Replica by Lauren Oliver | Book Review

Replica by Lauren Oliver continues to prove my theory or at least opinion that everything Lauren Oliver writes is brilliant. Sure, I am absolutely a fan girl of her work. Objectively though, I can say that she’s an author who takes all kinds of risks with her writing and is not afraid to try things that are different. I love that her work crosses all kinds of genres. Replica is a book that will have me pondering the story and the themes for quite a long time.

Replica is a dual storyline book. There’s two main point of view characters and essentially it is like two books that follow the same plot line from different points of view. One half is about Lyra, the other half is about Gemma. Lauren Oliver tackles cloning and more specifically what makes someone human. There are actually a whole lot of questions that this raises about humanity. Also about how we treat each other. You see, this book shows a society that abhors clones – or replicas as they are called in this book. It is a bit reminiscent of today and how society treats outsiders and those who are different. Of course, there’s also a little bit of romance involved. As well as a whole lot of action. So, I suppose you could say that Replica by Lauren Oliver is a thoughtful book that maintains engagement while you ponder the larger implications of humanity. Also, wow that truly sounds like I am bullshitting, but in fact, that’s how I truly feel about this book.

Lyra is the replica mentioned. I actually read her half first. When we open Replica, Lyra is living on an island. She has no access to the outside world. The island is shrouded in mystery. There’s only doctors, nurses, guards and other replicas. One day there is an explosion and Lyra’s world is on fire. There’s all kinds of action and she encounters Gemma who is not from the island or a replica, but who looks just like her friend Cassiopeia. Lyra, along with a male replica, makes her way to the outside world for the first time ever, and there’s all sorts of action. I will say that I didn’t totally gel with Lyra’s half. However, her perspective is just so different and interesting – I felt like her character was a bit of a tabula rosa because she doesn’t have the full range of human experiences, being raised the way that she was.

Gemma was definitely the character in Lauren Oliver’s Replica that I connected with the most. Her half was probably my favorite — because I could relate to her experiences kind of sort of. I mean, she thinks that she’s too heavy (she’s not). She also has really overprotective parents. OH AND she only has one friend who happens to be named April who is actually pretty great overall (just like me). Anyways, so Gemma has a history of being ill pretty easily. She also has parents who are super loaded. Anyways, she ends up going on spring break for the first time ever and then somehow ends up on the island of replicas just as there is an explosion. When her path crosses with Lyra, all kinds of secrets about her past and such come out. I loved the spectrum of emotions that Gemma experiences. I loved how dynamic her character got to be.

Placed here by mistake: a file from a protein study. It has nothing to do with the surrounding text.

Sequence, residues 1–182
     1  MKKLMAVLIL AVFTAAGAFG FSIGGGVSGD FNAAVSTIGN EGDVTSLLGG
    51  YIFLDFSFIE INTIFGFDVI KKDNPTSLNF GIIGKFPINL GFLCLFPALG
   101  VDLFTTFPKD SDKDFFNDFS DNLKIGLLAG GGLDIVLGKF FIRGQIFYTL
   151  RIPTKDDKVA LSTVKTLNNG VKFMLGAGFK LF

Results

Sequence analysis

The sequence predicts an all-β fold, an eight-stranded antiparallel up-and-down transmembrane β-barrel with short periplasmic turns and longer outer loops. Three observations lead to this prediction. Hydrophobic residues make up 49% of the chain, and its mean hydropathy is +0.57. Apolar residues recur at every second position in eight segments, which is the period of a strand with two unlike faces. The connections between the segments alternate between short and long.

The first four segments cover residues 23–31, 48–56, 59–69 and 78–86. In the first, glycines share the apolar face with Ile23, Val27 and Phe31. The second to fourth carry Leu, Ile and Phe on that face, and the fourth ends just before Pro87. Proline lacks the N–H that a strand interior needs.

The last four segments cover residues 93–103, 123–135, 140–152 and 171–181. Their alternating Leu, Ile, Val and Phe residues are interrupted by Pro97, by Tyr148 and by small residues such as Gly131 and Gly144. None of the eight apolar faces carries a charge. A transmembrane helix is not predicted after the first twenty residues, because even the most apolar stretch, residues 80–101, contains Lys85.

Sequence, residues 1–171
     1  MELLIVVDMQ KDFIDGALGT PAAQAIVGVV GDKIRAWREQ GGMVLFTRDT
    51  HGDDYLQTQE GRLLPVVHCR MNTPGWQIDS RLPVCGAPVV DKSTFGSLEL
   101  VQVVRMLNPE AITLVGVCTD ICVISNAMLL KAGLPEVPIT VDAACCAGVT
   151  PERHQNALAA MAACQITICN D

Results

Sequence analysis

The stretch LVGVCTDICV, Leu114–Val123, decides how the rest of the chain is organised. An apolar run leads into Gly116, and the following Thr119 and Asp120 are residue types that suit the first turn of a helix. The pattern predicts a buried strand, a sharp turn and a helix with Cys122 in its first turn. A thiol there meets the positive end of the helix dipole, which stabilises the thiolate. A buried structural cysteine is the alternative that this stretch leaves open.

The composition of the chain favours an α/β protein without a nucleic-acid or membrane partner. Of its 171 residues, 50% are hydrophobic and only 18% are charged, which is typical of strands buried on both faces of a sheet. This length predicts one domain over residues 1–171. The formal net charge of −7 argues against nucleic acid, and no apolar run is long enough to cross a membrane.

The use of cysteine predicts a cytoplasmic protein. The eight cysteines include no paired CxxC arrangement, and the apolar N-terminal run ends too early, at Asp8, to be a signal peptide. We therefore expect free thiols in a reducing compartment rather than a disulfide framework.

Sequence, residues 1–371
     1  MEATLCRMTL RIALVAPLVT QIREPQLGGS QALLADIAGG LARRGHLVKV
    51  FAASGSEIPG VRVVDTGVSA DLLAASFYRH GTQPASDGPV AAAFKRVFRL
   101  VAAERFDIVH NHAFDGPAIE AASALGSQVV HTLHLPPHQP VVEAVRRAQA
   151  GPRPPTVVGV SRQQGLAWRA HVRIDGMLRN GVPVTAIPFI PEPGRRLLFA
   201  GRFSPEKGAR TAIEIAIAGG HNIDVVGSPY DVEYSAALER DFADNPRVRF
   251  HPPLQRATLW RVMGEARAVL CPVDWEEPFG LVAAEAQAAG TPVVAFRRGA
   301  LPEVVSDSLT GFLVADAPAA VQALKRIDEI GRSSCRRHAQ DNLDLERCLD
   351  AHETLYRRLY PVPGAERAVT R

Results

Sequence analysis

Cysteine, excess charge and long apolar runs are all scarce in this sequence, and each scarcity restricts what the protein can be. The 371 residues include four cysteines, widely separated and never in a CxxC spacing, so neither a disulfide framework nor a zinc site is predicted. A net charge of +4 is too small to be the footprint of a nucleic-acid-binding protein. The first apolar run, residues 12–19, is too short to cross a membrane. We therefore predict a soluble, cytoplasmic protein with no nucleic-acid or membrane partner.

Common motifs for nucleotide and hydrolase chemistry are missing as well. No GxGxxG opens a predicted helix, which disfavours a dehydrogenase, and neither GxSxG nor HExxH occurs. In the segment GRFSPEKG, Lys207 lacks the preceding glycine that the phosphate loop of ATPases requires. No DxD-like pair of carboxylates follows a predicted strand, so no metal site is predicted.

So, the cool thing about Replica is that if you are reading the physical copy you can choose how you want to read the book. You could read all of Lyra’s part first and then Gemma’s. Or you can read all of Gemma and then Lyra. OR you could go really wild and alternate the chapters. It’s so cool because some chapters cover the exact same event but from the different perspective of each girl which as a reader gives us sort of a bird’s eye view of the whole thing where we have a more complete picture than either character. I really loved the risk that Oliver took with this book, as I have not read anything like it. I cannot recommend Replica enough. It is a smart, unique young adult book.

Other reviews of Replica by Lauren Oliver:

None yet — but I am writing this in May soooo we shall see soon enough!

Here’s a post about the book release though

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April is in her 30s and created Good Books And Good Wine. She works for a non-profit. April always has a book on hand. In her free time she can be found binge watching The Office with her husband and toddler, spending way too much time on Pinterest or exploring her neighborhood.

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About April (Books&Wine)

April is in her 30s and created Good Books And Good Wine. She works for a non-profit. April always has a book on hand. In her free time she can be found binge watching The Office with her husband and toddler, spending way too much time on Pinterest or exploring her neighborhood.


  1. Years and years ago (late 90s) there was a (pre)teen book series called Replica, about a girl who discovers she is one of many clones. Seeing the title and premise here made me think of it. Still very different than the description here, but just one of those “wow, I haven’t thought about that book in years” things. /random

    Every time I see a review of a Lauren Oliver book – they all always have such praise for her stories – I say to myself “I really need to read her work”. Apparently today is not exception. XD I’ll have to keep an eye out for this Replica.

    I love the idea of two stories in one, with the flipbook nature. That’s the way I think those sorts of things should be done: built in to the same greater story, rather than what seems to be a blatant money-grab, you know? In this case it seems to make the story far stronger, and I appreciate that greatly.
    Catherine recently posted..Thinking Ahead – Writing In General & NaNoWriMoMy Profile

  2. This looks so good! I have to read this! Thank you for letting me know it exists!
    Jessa recently posted..Burning BrightMy Profile


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